An easy question about youth came next in the forum. "A lot of politicians that went to [Anna Drive] made a lot of promises and after they got elected, they disappeared," says Acevedo-Nelson, who lives there. "I have been working with the youth, I see some of them here." She got a mild, polite applause from them; when Moreno slammed corporate interests and firmly placed his campaign with youth and families, the Bros and the CROWNs cheered on. Lahtinen lauded The Irvine Company's investment in arts education and challenged Disney to match their generosity, which led the kids to cheer again. Shows how much Ruelas and Moreno have taught them about the campaign: Don Bren is the devil, and Lahtinen is actually a Disney-friendly backup if that whole Lodge thing doesn't work out. 

The candidates fielded another question about Anaheim's war on the homeless by way of an infamous anti-camping ordinance the Weekly first reported on. "I was formerly homeless," Van Stark said. "The [Kraemer] shelter that's going to open up is not going to work. The most vulnerable people who need attention wont get it." The students rightly cheered that one. Van Stark later began criticizing Lahtinen, only to have Santana step in there, too.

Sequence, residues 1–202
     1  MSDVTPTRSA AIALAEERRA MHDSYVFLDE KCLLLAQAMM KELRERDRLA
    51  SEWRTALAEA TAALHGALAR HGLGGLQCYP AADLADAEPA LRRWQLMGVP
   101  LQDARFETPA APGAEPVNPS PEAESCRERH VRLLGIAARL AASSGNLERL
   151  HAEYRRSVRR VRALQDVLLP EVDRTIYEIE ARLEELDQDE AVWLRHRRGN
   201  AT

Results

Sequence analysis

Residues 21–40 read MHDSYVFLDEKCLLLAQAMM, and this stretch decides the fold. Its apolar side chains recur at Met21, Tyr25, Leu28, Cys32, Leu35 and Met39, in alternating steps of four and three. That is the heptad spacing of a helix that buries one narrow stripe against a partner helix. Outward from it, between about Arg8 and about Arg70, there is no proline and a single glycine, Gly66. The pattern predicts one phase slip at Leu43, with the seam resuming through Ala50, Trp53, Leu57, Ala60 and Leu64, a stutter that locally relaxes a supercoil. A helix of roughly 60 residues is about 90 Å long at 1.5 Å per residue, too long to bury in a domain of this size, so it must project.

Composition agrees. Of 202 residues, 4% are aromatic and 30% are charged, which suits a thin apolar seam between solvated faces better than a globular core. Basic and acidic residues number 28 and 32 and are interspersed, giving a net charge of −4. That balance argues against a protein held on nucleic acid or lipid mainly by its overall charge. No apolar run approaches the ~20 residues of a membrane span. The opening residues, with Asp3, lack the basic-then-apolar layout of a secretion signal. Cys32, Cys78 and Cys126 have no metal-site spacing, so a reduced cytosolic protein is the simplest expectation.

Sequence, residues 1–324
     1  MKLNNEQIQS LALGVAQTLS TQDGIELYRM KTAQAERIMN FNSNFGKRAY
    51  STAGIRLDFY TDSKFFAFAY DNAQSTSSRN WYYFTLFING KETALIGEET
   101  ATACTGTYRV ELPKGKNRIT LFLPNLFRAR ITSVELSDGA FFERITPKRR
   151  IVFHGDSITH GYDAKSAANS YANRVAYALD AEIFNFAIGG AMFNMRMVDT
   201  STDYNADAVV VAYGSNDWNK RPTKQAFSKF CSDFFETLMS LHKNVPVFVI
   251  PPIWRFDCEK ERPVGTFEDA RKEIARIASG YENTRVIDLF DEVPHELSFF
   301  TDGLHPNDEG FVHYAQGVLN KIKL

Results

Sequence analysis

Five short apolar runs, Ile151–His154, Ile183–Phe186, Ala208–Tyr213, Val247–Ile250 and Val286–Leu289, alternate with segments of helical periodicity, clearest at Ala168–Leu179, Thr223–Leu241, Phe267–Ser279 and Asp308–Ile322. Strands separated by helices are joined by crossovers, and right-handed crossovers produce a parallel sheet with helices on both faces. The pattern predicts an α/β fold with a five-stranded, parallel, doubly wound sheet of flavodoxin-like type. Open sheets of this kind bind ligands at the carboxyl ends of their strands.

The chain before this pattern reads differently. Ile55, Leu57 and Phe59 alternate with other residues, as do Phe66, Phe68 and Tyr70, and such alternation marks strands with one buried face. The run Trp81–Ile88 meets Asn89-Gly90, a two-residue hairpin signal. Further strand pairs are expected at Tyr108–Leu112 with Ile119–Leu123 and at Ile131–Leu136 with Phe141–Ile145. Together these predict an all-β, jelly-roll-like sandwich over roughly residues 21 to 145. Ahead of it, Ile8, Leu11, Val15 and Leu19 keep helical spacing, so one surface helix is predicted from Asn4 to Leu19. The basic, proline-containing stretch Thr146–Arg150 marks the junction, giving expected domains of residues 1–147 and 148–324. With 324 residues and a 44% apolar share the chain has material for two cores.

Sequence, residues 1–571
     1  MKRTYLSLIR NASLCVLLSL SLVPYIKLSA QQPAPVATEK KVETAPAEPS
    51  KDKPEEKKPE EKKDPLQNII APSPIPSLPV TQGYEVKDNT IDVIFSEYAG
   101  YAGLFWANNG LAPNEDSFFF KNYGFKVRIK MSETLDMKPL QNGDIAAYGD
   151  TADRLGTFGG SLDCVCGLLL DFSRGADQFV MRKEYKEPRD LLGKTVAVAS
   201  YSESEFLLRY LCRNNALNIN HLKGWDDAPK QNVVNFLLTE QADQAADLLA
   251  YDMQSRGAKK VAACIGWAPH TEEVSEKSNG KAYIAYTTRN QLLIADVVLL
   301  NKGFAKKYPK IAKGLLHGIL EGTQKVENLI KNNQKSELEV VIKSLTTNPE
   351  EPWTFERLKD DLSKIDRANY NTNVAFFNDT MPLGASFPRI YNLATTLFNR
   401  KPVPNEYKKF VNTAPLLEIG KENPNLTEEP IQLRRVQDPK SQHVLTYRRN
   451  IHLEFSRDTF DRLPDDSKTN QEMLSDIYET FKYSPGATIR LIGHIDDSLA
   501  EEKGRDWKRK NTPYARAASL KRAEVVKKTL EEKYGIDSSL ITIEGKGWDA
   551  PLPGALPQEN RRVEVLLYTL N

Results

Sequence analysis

But Moreno freely took the opportunity to attack Brandman, again. "We didn't actually  hear our current councilman say he was going to repeal the anti-camping ordinance," he said. "Shame on you, Mr. Brandman!" Santana stood idly by while the youth loved the theatrics. Brandman, a former Weekly Scariest People Issue inductee like Moreno, didn't return the fireworks like he could, failing to point out that Mayor Tait, Moreno's endorser whose family stuffs his campaign coffers, voted for the camping ban, too, along with the feckless public safety board. 

All candidates save for Angel and Faessel agreed that Anaheim should become a sanctuary city for undocumented immigrants. Moreno criticized congresswoman Loretta Sanchez, who endorsed Brandman over him, for having supported Anaheim's INS jail pilot program two decades ago while touting Tait on immigration. Wait—didn't Tait support the program and Bob Zemel, its racist council champion, too? Yes, he did. But both Sanchez and Tait have come a long way (for them) since then. Acevedo-Nelson took the issue beyond scoring cheap political points, sharing that the pilot program led to the jailing and deportation of her first husband, breaking the Acevedo family apart. 

And what debate in Anaheim would be complete without the question of corporate subsidies for luxury hotels and Angel Stadium? "Let the market decide," said Lopez, a Republican who works for Supervisor Shawn Nelson. "This is the defining issue of this election," Moreno chipped in. "It creates more revenue for all of us," Brandman countered, earning boos from the kids. 

By the time each candidate ended with closing statements, half the room emptied at the Arab American Community Center. It got close to bedtime for the youngsters, after all. But if the Weekly can channel Wu-Tang's Inspectah Deck and "kick some truth to the young [brown] youth" for a minute: We know y'all want something to believe in, but when it comes to Anaheim politics, cuidado with the Kool-Aid!